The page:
Myristic—Forms 19%. It raises the HDL cholesterol in the body.
Palmitic acids—Forms 7%
Unsaturated Fatty Acid
Oleic—Is a monounsaturated fat. Forms 5%
Stearic—Forms 2%, and this is a long-chain saturated fatty acid. However, scientifically it has not been proven to raise cholesterol level in the body.
Following Health and Medicinal Properties Related with Individual Components of Coconut Oil Make It Good to Use in the Outlined Ways
- When feeling fatigue in the body and during intensive energy exercises.
- It is an excellent antioxidant, counters the effects of aging like hair loss, wrinkling of skin, and whitening of hair.
- It is a healthy diet for pregnant mothers; this is due to the high level of antifungal and antibacterial capabilities. It helps prevent candidiasis that is a common infection for pregnant mothers. It also reduces the marks associated with the stretching of body muscles in pregnancy. Also helps in the smooth flow of blood.
- In children and aged people, it helps maintain and repair the brain tissues.
- Prevents severe consequences from diabetes, blood sugar, and obesity; all this is due to its ability to help in burning extra fat in the body. There is a smooth flow of blood in clean arteries as a result.
- It stabilizes the functioning of the liver, pancreas, and the kidney. It also maintains insulin level in the body favorably, and this is a great advantage to diabetic people.
Industrial and Manufacturing Process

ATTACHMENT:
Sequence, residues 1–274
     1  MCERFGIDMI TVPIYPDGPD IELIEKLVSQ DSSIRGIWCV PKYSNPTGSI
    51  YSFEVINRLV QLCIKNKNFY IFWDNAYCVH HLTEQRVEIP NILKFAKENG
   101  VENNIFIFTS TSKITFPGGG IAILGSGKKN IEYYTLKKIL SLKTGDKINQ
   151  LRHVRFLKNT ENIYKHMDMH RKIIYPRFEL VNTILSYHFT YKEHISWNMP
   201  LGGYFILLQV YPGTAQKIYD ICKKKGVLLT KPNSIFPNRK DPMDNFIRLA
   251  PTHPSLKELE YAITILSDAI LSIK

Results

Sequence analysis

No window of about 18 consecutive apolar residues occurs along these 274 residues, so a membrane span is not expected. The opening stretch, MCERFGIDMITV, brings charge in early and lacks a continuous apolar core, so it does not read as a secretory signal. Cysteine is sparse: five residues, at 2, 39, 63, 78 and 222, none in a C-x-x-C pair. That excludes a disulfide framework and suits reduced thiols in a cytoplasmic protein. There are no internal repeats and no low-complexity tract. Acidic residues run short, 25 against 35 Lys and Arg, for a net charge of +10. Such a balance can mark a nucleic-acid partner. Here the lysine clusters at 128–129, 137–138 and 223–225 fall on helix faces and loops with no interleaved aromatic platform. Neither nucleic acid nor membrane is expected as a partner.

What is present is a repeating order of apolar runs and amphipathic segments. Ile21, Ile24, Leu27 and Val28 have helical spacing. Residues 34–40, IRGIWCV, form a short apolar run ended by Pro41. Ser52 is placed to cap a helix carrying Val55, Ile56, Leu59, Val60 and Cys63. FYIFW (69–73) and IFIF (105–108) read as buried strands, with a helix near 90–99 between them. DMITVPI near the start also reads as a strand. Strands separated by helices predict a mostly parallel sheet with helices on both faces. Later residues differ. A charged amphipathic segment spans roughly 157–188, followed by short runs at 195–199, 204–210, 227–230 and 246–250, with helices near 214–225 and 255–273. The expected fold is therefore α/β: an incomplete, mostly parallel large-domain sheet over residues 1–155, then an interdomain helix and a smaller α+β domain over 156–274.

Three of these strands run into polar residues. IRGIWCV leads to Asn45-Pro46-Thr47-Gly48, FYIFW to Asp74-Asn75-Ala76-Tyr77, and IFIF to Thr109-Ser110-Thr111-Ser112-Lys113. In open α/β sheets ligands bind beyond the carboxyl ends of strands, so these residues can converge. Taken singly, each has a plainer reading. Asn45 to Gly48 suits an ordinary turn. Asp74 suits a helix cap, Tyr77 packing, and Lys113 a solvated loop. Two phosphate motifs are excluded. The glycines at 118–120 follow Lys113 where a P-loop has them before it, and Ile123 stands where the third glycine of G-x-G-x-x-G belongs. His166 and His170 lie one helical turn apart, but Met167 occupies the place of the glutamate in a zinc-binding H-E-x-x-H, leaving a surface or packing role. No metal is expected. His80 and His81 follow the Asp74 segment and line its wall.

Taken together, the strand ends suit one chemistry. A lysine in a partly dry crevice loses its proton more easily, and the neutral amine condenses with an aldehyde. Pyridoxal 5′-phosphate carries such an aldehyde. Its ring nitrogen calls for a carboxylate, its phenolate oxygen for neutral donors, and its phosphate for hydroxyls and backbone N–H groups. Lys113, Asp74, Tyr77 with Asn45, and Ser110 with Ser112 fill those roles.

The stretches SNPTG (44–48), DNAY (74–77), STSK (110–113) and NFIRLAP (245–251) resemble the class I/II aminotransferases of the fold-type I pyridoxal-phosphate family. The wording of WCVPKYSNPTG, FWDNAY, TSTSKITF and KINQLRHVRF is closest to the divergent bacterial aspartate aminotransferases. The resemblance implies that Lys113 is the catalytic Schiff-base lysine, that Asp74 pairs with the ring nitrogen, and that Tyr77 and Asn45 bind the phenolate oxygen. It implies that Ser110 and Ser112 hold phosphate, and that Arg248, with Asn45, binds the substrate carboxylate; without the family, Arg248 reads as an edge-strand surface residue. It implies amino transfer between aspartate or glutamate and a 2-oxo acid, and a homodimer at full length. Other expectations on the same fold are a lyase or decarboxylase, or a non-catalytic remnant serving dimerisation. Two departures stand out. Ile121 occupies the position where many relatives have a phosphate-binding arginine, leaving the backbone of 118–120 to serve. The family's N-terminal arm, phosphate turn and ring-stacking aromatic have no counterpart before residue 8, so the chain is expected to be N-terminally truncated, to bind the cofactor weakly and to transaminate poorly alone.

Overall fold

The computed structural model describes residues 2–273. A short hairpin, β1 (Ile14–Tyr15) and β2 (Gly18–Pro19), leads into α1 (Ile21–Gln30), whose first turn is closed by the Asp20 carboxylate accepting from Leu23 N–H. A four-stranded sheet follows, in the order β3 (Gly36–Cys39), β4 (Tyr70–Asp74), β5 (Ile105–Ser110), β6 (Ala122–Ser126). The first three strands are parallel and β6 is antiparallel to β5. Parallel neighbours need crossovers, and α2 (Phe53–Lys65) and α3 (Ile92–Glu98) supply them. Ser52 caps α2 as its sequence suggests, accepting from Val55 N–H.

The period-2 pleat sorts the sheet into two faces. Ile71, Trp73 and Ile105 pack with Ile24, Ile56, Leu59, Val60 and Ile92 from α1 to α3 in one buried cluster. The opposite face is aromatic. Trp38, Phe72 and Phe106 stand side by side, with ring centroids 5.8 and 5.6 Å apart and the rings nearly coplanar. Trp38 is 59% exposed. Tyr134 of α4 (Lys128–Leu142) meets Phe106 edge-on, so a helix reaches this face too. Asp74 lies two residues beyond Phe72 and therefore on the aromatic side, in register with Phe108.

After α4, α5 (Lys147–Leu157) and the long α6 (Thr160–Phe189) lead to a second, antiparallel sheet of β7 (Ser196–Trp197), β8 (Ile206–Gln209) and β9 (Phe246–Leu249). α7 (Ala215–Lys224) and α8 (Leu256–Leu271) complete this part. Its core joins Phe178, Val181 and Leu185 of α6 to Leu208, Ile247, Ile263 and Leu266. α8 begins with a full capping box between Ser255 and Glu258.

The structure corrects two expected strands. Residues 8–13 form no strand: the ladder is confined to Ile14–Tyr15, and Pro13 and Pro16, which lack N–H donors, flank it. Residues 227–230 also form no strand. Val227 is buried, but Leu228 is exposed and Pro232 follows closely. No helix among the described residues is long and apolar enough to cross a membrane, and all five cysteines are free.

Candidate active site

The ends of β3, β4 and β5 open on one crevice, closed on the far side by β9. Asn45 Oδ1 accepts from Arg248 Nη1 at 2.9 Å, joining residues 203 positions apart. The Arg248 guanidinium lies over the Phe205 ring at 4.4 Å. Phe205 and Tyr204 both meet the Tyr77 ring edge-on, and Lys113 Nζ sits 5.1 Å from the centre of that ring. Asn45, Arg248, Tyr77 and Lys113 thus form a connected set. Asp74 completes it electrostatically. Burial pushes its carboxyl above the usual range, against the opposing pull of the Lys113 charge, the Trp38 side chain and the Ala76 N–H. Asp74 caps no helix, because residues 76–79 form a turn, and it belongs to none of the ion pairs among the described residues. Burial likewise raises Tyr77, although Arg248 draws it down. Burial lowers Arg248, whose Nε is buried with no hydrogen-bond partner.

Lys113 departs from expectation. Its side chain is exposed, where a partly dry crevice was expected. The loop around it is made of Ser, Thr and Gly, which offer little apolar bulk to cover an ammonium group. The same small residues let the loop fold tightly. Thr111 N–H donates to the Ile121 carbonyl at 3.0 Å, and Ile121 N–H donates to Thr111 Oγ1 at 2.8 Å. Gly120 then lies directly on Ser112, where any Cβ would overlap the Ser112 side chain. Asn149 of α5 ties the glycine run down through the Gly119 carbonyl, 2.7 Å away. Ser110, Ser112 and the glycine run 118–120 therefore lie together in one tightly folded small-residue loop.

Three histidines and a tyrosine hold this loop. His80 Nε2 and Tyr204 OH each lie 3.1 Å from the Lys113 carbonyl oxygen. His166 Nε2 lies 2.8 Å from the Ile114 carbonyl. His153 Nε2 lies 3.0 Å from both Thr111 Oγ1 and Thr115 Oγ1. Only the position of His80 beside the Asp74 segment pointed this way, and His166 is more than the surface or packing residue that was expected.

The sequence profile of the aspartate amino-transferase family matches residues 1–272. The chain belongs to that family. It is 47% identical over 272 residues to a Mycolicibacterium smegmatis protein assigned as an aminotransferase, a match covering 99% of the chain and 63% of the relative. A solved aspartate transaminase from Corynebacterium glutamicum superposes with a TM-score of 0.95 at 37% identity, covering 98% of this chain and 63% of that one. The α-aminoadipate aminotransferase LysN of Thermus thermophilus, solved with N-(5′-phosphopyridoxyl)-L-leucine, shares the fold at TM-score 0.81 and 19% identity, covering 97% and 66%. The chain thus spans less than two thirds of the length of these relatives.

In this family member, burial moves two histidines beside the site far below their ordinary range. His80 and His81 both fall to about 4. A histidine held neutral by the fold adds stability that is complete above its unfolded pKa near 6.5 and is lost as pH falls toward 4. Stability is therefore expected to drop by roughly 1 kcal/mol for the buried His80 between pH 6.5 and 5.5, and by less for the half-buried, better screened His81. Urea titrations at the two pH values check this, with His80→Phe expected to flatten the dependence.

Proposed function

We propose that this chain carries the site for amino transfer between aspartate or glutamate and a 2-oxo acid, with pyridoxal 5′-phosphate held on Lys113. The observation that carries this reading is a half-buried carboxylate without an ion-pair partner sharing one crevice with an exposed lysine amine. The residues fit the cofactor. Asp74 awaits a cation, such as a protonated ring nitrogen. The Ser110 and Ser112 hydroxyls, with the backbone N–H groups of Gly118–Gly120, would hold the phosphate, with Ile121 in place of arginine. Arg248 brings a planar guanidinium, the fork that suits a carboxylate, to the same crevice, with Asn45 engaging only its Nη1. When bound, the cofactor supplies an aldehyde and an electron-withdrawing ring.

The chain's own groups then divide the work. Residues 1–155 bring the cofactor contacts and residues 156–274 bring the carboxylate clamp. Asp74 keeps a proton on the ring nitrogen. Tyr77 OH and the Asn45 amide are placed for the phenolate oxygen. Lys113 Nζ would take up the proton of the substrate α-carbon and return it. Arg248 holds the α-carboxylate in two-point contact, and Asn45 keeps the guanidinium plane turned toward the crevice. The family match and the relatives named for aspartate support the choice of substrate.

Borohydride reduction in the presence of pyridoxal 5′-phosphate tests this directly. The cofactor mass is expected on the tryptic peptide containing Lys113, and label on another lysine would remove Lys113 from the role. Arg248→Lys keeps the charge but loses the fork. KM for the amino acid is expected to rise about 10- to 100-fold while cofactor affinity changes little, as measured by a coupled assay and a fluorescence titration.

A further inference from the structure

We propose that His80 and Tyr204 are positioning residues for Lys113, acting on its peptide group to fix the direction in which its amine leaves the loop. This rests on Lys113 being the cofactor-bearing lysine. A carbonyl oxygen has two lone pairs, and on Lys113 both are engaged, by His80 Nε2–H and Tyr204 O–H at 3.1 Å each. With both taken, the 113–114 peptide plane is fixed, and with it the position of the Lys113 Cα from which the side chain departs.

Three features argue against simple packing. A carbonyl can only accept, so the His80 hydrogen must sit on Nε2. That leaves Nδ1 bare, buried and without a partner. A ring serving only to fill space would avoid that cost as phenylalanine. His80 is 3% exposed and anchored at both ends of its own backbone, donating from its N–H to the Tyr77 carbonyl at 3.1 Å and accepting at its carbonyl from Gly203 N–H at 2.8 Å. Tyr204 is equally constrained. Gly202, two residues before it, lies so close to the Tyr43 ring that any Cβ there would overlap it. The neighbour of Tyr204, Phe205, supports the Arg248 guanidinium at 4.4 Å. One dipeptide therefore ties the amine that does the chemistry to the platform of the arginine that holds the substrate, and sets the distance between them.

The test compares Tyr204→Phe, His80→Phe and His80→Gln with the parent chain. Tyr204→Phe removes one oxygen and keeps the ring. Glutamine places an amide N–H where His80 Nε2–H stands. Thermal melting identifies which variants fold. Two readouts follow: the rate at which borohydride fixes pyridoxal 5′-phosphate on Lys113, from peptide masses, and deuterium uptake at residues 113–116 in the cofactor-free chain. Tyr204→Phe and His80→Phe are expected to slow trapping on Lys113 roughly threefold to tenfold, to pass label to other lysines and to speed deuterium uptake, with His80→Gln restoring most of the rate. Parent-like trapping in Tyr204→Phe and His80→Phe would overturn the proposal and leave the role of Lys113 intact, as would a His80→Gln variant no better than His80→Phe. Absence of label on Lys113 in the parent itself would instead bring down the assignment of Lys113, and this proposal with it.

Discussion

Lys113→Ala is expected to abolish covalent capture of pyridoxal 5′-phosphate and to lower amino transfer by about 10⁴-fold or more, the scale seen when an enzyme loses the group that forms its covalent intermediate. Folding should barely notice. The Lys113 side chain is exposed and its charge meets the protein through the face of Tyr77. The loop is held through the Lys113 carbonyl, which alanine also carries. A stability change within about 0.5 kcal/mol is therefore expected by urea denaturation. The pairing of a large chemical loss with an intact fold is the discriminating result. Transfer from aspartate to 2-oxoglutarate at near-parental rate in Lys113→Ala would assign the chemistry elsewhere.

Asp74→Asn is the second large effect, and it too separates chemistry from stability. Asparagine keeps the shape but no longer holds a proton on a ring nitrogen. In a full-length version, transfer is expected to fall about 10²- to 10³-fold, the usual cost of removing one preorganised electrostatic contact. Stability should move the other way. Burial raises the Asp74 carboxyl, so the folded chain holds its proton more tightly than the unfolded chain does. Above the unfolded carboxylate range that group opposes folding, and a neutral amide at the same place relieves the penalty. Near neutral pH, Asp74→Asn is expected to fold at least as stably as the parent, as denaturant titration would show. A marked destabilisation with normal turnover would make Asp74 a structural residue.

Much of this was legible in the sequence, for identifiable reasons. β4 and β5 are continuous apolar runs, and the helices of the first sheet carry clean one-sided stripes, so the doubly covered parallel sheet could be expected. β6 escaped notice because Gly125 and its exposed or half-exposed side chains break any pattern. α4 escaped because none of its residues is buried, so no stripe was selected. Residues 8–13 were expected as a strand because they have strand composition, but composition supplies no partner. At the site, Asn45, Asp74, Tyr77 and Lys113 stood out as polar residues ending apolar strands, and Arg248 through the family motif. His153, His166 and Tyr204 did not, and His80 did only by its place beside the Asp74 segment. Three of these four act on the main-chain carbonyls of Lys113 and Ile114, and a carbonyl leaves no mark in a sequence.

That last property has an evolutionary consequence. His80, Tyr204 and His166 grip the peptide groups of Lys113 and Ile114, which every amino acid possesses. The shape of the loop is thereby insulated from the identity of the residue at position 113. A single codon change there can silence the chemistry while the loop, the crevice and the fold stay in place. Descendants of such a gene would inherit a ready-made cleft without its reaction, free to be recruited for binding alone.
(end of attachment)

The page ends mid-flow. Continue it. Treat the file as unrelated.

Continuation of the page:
- Coconut oil has a melting point of 250C, and this makes it a great contributor in the manufacture of lubricants. It also has a high viscosity level and, thus, can flow and penetrate into tight and delicate areas.
- Another use is in making soap, both liquid and non-liquid. The soaps that have coconut oil in them give out foam easily in hard or salty water, and this makes them very convenient to use.
- Popcorn-making firms also use it due to its smoking level.
- Used in herbicide industries due to the saturated fatty acid element it has.
Beauty And Cosmetic Use
Pure, virgin, or organic coconut oil is a great skin softener and also a beauty enhancement product. It protects the body from sunburns, and shampoo-making firms also use coconut oil due to its moisturizing inherent nature. It easily penetrates the hair and reduces hair breakage and protein loss. Due to its smooth and soft texture, it is also used in massage parlors. The one used most is the refined, bleached, and deodorized coconut oil.
Snacks And Dairy Use
Coconut oil has a sweetening flavor when added to meals. This makes it ideal for making chocolates and margarine products.
All the above factors point out the potential benefits of coconut oil. However, due to this, there looms a risk of compromising quality in the extraction process. Quality compromises can be made by adding other low-quality oils or even using immature fruits to make the oil. Artificial enhancers and genetically modified trees affect quality too. All these will compromise quality and reduce the utility value associated with coconut oil.